To free His foes, that from His heast had swerved!
 
What hart can feel least touch of so sore launch,
Or thought can think the depth of so deare wound?
Whose bleeding sourse their streames yet never staunch,
But stil do flow, and freshly still redownd,        165
To heale the sores of sinfull soules unsound,
And clense the guilt of that infected cryme
Which was enrooted in all fleshly slyme.
 
O blessed Well of Love! O Floure of Grace!
O glorious Morning-Starre! O Lampe of Light!        170
Most lively image of thy Father’s face,
Eternal King of Glorie, Lord of Might,
Meeke Lambe of God, before all worlds behight,
How can we Thee requite for all this good?
Or what can prize that Thy most precious blood?        175
 
Yet nought Thou ask’st in lieu of all this love,
But love of us, for guerdon of thy paine:
Ay me! what can us lesse than that behove?
Had He required life for us againe,
Had it beene wrong to ask His owne with gaine?        180
He gave us life, He it restored lost;
Then life were least, that us so little cost.
 
But He our life hath left unto us free;
Free that was thrall, and blessed that was band;
Ne ought demaunds but that we loving bee,        185
As He Himselfe hath lov’d us afore-hand,
And bound therto with an eternall band,
Him first to love that was so dearely bought,
And next our brethren, to his image wrought.
 
Him first to love great right and reason is,        190
Who first to us our life and being gave,
And after, when we fared had amisse,
Us wretches from the second death did save;
And last, the food of life, which now we have,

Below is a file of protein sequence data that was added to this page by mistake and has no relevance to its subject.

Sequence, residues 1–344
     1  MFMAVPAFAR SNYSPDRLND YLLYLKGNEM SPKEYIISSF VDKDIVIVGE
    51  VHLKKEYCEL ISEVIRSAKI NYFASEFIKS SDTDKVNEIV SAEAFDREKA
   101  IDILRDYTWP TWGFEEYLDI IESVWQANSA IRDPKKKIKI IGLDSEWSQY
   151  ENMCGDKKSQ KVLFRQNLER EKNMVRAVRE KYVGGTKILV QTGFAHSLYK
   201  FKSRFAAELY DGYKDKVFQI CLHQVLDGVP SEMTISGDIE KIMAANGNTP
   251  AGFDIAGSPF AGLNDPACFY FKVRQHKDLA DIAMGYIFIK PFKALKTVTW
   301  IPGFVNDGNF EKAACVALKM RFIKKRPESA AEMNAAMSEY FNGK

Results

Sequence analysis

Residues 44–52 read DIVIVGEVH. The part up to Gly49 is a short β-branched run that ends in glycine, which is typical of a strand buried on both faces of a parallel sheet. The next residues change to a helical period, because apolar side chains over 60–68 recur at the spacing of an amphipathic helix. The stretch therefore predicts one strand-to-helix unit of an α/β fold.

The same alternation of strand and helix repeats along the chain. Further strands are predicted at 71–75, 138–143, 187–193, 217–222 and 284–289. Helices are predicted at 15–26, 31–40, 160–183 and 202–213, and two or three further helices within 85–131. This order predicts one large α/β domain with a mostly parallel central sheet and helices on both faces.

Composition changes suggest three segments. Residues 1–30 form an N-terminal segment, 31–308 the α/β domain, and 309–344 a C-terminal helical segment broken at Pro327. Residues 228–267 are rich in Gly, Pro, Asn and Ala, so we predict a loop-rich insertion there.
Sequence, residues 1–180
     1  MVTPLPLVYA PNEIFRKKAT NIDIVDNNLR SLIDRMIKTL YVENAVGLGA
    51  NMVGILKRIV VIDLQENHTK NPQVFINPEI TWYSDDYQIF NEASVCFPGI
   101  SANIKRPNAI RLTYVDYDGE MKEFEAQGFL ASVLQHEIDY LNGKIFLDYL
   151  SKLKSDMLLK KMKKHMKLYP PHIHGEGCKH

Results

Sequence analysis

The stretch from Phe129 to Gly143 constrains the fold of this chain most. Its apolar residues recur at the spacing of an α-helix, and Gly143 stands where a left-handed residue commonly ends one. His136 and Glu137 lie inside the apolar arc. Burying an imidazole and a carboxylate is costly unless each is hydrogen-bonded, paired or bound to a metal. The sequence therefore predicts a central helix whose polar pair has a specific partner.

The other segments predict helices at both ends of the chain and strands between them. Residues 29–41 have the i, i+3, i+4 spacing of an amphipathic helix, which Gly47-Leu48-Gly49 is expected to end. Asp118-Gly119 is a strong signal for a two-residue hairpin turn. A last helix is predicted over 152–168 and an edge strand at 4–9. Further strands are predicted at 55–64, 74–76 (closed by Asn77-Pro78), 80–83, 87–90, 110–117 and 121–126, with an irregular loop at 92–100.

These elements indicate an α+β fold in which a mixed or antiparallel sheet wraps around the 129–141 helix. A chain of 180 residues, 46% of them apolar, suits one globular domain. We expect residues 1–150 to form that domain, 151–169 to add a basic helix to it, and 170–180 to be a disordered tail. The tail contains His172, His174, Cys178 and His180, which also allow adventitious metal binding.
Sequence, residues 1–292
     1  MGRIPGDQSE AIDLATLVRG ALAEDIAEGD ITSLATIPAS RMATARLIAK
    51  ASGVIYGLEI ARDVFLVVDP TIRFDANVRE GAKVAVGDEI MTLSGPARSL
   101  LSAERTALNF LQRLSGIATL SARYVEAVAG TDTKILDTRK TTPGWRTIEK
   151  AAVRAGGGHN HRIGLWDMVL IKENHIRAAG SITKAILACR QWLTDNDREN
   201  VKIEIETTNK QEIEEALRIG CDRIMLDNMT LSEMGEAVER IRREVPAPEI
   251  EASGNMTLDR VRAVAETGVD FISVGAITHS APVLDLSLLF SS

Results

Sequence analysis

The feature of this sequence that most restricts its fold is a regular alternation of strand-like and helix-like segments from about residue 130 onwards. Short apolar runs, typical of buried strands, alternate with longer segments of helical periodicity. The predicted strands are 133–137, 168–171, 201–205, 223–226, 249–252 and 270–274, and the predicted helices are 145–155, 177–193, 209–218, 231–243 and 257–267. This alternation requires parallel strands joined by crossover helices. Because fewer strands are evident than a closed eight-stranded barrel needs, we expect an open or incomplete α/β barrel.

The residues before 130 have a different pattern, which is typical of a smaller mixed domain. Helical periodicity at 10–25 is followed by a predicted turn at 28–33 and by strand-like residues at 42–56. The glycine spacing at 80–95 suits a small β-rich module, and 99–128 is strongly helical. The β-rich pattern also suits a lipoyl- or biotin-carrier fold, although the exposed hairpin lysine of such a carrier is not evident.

Even He Himselfe, in his dear sacrament,        195
To feede our hungry soules, unto us lent.
 
Then next, to love our brethren, that were made
Of that selfe mould, and that self Maker’s hand,
That we, and to the same againe shall fade,
Where they shall have like heritage of land,        200
However here on higher steps we stand,
Which also were with selfe-same price redeemed
That we, however of us light esteemed.
 
And were they not, yet since that loving Lord
Commanded us to love them for His sake,        205
Even for His sake, and for His sacred word,
Which in His last bequest He to us spake,
We should them love, and with their needs partake;
Knowing that, whatsoe’er to them we give,
We give to Him by whom we all doe live.        210
 
Such mercy He by His most holy reede
Unto us taught, and to approve it trew,
Ensampled it by His most righteous deede,
Shewing us mercie, (miserable crew!)
That we the like should to the wretches shew,        215
And love our brethren; thereby to approve
How much Himselfe that loved us we love.
 
Then rouze thyselfe, O Earth! out of thy soyle,
In which thou wallowest like to filthy swyne,
And doest thy mynd in durty pleasures moyle,        220
Unmindfull of that dearest Lord of thyne;
Lift up to Him thy heavie clouded eyne,
That thou this soveraine bountie mayst behold,
And read, through love, His mercies manifold.
 
Beginne from first, where he encradled was        225
In simple cratch, wrapt in a wad of hay
Betweene the toylfull oxe and humble asse,
And in what rags, and in how base aray,
The glory of our heavenly riches lay,
When Him the silly shepheards came to see,        230
Whom greatest princes sought on lowest knee.
 
From thence reade on the storie of His life,
His humble carriage, His unfaulty wayes,
His cancred foes, His fights, His toyle, His strife,
His paines, His povertie, His sharpe assayes,        235
Through which he past His miserable dayes,
Offending none and doing good to all,
Yet being malist both by great and small.
 
And look at last, how of most wretched wights
He taken was, betrayd, and false accused;        240
How with most scornfull taunts and fell despights
He was revyld, disgrast, and foule abused;